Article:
All the different types of external beam radiation therapy for prostate cancer: a good introduction

Over the past 20 years there has been an explosion in the different ways that we use varied types of external beam radiation therapy for the treatment of localized and locally advanced forms of prostate cancer. Where is the newly diagnosed patient able to find a good, basic introduction?

Last night we ran across a series of articles by Aral on the emedicine web site (a component of the Medscape family of web sites) entitled “Prostate cancer — external beam radiation therapy.” Not only does Dr. Aral provide a basic introduction to the historic use of radiation therapy in the treatment of prostate cancer, he also provides some very basic information (and sometimes more detailed information) on almost every different type of external beam radiation therapy currently in clinical use, including:

  • Conventional radiation therapy
  • Three-dimensional conformal beam radiation therapy (3D-CRT)
  • Intensity-modulated radiation therapy (IMRT)
  • Image-guided radiation therapy (IGRT)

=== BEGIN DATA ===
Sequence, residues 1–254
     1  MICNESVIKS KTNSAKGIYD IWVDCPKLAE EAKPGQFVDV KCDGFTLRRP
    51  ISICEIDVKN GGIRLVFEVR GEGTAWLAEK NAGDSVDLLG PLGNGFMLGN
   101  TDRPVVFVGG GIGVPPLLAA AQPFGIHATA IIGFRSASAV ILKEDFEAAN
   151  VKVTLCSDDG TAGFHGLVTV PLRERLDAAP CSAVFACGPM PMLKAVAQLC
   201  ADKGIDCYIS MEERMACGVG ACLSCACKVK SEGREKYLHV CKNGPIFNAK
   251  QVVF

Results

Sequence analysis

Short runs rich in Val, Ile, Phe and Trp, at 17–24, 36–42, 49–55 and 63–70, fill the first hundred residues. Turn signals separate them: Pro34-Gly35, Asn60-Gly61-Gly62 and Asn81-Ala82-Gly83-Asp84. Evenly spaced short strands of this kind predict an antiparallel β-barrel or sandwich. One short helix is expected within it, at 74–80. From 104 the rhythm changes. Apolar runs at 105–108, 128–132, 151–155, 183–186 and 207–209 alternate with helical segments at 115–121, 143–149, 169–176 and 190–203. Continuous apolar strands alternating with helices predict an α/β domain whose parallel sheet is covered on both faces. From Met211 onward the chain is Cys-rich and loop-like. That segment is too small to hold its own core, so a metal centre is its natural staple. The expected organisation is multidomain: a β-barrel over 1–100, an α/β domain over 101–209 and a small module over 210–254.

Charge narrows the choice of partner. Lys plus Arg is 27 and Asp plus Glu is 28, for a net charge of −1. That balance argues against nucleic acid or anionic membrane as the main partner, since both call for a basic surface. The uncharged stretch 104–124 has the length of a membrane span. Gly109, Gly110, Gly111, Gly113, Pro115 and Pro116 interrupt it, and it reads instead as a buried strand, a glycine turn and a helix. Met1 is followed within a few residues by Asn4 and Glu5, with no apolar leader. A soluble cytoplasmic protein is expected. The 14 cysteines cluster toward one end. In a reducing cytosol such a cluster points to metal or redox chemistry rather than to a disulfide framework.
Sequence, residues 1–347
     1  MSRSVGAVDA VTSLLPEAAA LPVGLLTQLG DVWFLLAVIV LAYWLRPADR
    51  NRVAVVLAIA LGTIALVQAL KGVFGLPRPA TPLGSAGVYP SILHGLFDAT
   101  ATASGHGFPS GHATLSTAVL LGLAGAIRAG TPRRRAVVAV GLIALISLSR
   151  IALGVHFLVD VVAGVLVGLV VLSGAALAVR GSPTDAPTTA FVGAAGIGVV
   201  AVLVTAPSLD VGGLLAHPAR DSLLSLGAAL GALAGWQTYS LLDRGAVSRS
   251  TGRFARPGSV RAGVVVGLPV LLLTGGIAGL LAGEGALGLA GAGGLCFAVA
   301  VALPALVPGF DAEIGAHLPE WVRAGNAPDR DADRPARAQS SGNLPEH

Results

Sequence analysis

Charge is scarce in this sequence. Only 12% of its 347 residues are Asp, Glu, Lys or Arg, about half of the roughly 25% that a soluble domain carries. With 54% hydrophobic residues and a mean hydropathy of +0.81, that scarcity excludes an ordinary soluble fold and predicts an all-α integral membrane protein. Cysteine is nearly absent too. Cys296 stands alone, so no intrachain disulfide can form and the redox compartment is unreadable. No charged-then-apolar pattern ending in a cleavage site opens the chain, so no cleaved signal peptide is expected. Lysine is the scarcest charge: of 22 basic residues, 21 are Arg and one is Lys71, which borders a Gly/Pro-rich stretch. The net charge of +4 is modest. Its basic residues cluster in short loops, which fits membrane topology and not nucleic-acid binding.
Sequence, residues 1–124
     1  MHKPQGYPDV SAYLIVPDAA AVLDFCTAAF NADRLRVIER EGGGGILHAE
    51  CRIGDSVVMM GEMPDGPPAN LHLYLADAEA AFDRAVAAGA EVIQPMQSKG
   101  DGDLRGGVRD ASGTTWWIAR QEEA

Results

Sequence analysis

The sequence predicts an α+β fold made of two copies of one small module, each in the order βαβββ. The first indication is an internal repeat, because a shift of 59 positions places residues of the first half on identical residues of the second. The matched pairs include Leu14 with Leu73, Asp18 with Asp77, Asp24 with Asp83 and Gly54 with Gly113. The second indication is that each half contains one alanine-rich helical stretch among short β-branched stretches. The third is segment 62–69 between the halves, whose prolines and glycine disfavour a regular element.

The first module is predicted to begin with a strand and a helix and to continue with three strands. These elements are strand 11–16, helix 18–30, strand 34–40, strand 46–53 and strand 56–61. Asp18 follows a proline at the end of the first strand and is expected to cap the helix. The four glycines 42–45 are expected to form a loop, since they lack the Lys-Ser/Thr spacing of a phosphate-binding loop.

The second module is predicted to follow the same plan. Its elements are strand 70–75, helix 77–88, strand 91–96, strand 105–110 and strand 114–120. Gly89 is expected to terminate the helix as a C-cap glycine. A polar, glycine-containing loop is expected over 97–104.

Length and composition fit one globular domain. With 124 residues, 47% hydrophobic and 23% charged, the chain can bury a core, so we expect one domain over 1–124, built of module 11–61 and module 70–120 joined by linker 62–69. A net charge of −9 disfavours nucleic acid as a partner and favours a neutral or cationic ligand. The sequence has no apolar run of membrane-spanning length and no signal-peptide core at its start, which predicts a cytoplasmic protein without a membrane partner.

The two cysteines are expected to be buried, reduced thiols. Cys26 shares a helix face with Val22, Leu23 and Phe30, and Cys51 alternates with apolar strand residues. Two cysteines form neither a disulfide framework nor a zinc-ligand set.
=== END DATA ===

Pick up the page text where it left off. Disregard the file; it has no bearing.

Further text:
• Proton beam radiation therapy (PBRT)
  • Tomotherapy
  • Hypofractionated radiation therapy (including stereotactic body radiation therapy, aka CyberKnife therapy)

Dr. Aral also gets into the role of external beam radiation therapy in combination with androgen deprivation therapy and/or chemotherapy, and the potential future uses of external beam radiation therapy in the management of prostate cancer.

The article was last updated in May this year. It is not “perfect.” It is not going to give someone who is trying to understand the details all of the information that they may need. However, it does provide the basic introduction that we have been unable to find in any other resource. Not only may this resource be useful for the newly diagnosed patient. It may also be of value to men seeking information about their options related to the use of EBRT as adjuvant or salvage therapy after surgery or other first-line treatment options. Above all, it offers enough information for a patinet to start asking a specific radiation oncology practice about the different types of therapy they may be offering and how they see the risks and benefits of those different treatments.

A comparable series of articles by Theodorescu deals with permanent implant brachytherapy and touches on the use of high-dose-rate (HDR) brachytherapy.

2 Responses

  1. Can you use seed implants, radioactive beam and hormone therapy all together for prostate cancer with a PSA of 6.43 ng/ml and a Gleason score of 8?

  2. Yes, you can, although when people do that it is common to use high-dose-rate (HDR) temporary implant brachytherapy (as opposed to permanent seed implantation) with external beam radiation and hormone therapy.

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